“When you’re in Baltimore, D.C. is that city down the road that you look up to,” he says. “It’s a big deal for me to go down there. I hope we fit in, I hope we’re accepted. It’s not a given. We really have to show them something and deliver. There’s some pressure, we’re not going in with anything but a lot of humility.” | Website
The Extremely Serious Delicatessen:
Key players: Allie La Valle-Umansky, Jeremy Umansky, Kenneth Scott
Target open: Early December, 2017
A word about sandwiches: Besides being awesome, diners in this, the year of our lord, 2017, know that when chefs put their minds to it, sandwiches can be so much more than just a sad desk lunch. Sandwiches are a ~medium~. There’s Mean Sandwich in Seattle, from the team that brought Jersey City the pioneering restaurant Thirty Acres; there’s Turkey and the Wolf, which Eater’s national critic Bill Addison pointed out as a New Orleans dining highlight; there’s Cochon Butcher (NOLA, Nashville), Lardo (Portland), Noble Sandwich Co. (Austin), Fred’s Meat and Bread (Atlanta), and many more.
Soon Cleveland’s Larder, a self-described “curated delicatessen and bakery,” will join the fray. “We are working to channel the delicatessen of yesteryear, something that you would have seen a hundred years ago as essential,” says co-owner/larder master/forager Jeremy Umansky, who held a similar position at Jonathon Sawyer’s Cleveland restaurant group.
Umansky and his co-owners, chef de cuisine Kenny Scott (a former Trentina sous chef) and pastry chef/baker/CEO Allie La Valle-Umansky, are making everything from bread to charcuterie to pickles in-house. And while the menu and space might feel traditional, there’s plenty that feels utterly now: Umansky and Scott tackle pastrami using koji and sous-vide cooking; minimizing food waste is a huge priority.
But the team stresses that, at the end of the day, they want it to be comfortable and welcoming to all — even those that don’t care about the wild mushroom ketchup. “A lot of the practices and places we’ve worked have been for the rich and for the people that have money to spend on eating out,” says Scott. “We’re trying to open a place where everyone can come and enjoy good food.” | Website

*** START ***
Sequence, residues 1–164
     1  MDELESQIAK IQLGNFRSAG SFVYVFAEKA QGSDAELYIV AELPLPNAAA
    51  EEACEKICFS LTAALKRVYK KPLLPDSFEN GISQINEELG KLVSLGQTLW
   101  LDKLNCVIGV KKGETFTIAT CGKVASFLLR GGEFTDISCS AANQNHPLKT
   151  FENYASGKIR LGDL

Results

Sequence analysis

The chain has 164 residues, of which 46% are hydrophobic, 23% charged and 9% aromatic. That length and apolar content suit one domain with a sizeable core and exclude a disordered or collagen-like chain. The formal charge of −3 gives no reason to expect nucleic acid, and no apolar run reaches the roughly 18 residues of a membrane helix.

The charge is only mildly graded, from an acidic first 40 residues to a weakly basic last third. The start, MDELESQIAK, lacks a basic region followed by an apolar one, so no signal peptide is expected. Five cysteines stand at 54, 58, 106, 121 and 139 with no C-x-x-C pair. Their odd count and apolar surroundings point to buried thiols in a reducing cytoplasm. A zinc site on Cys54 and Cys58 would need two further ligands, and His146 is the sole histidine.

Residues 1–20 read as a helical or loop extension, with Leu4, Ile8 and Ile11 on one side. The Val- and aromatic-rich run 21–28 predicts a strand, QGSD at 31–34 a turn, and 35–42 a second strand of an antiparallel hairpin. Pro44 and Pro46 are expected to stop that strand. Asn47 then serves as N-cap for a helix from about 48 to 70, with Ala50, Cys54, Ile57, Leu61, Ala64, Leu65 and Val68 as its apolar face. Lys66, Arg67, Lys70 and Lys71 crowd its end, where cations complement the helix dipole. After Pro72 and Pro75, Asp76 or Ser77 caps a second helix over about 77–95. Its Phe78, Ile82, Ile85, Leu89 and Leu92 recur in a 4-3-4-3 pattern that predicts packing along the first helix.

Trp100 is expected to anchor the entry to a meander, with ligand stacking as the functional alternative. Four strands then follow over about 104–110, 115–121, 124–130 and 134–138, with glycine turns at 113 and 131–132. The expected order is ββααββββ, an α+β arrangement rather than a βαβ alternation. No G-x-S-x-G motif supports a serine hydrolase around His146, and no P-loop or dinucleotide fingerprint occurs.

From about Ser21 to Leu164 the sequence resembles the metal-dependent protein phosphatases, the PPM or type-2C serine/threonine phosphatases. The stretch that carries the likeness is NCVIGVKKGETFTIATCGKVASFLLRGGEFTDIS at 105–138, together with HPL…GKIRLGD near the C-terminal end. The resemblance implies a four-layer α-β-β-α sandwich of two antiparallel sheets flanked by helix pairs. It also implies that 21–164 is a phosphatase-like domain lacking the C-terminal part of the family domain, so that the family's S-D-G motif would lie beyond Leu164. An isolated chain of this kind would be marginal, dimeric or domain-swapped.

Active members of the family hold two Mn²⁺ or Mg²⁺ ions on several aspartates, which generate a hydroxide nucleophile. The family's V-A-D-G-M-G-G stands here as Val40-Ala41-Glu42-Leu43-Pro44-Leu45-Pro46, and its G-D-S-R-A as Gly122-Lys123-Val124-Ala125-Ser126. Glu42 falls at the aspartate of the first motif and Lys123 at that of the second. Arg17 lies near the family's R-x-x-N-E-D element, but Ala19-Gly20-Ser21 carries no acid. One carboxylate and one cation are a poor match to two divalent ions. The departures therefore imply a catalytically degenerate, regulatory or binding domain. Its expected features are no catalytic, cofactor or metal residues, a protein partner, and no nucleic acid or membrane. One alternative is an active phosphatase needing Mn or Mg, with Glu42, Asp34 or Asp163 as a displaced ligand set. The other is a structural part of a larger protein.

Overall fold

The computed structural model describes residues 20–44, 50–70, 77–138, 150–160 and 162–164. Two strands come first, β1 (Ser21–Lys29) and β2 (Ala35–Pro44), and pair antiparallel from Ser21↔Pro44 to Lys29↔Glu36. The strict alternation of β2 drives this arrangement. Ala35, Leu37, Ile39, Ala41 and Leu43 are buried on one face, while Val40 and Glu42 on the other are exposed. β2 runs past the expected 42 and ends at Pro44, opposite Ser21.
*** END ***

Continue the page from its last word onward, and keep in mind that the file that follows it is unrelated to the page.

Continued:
The Breakout Vehicle:
Location: San Francisco
Key players: Chris Bleidorn
Target open: December 2017
Chris Bleidorn has an impressive CV. He was the chef de cuisine at Atelier Crenn, worked for years at Benu, and did a stint at Alinea. Now, he’s opening his first restaurant, where he’ll offer a tasting menu and a la carte options to San Francisco’s spoiled-for-choice fine dining public. “Heritage cuisine” and “Pacific Northwest cuisine” act as dual themes — not so much in terms of style, since there isn’t really a defined PNW style, but in terms of ingredients.
That means connecting with producers in Washington and Oregon as well as in the Bay Area; it also means wood-fired cooking, fermenting, dry-aging, and working with wild game, all of which Bleidorn sees as part of his quest to show “the truth in cuisine.” Birdsong, he says, is “inspired by natural habitat of the past” and will strive to achieve “harmony of the past and present.” It’s all pretty lofty, but if there’s anywhere in the country where diners would turn to a tasting menu to have an “experience that’s exciting but very real to what is being lost today,” it’s San Francisco. | Website
The Restaurant That Just Wants You to Have a Good Time:
Key players: Jonathan Brooks
Target open: December 2017
Before we talk about Beholder, we should probably talk about Milktooth. Chef Jonathan Brooks’s smash-hit Indianapolis debut swept him onto the national stage. Checking in on the restaurant just before its two-year anniversary, Eater’s roving critic Bill Addison wrote that Milktooth “redefine[d] daytime dining for America.” The restaurant “exemplifies how a talented chef can transcend confining notions of success,” Addison wrote. “A world of possibilities is suddenly as clear as day.”
Where Milktooth explores the potential of daylight fare, Beholder will be Brooks’s take on a fun night out. “We want it to be sexy, delicious food,” he says, speaking also for his business partner, Josh Mazanowski. “We want people to feel sexy and comfortable in the space.” The cooking will definitely be more refined than what his fans are used to at Milktooth, but Brooks will continue to focus on the ingredients and culinary traditions of the Midwest. He’s especially excited about the wine list, and wants his restaurant to be a place where Indianapolis diners can explore wine at a reasonable price and without feeling intimidated.
While Brooks says he tossed around the idea of doing a tasting menu, for now, he’s focusing on creating a neighborhood restaurant that he hopes will generate enough interest to become an Indianapolis destination. If a tasting menu feels right, he’ll give it a go, but “if people are having a good time, we’ll leave it as is.”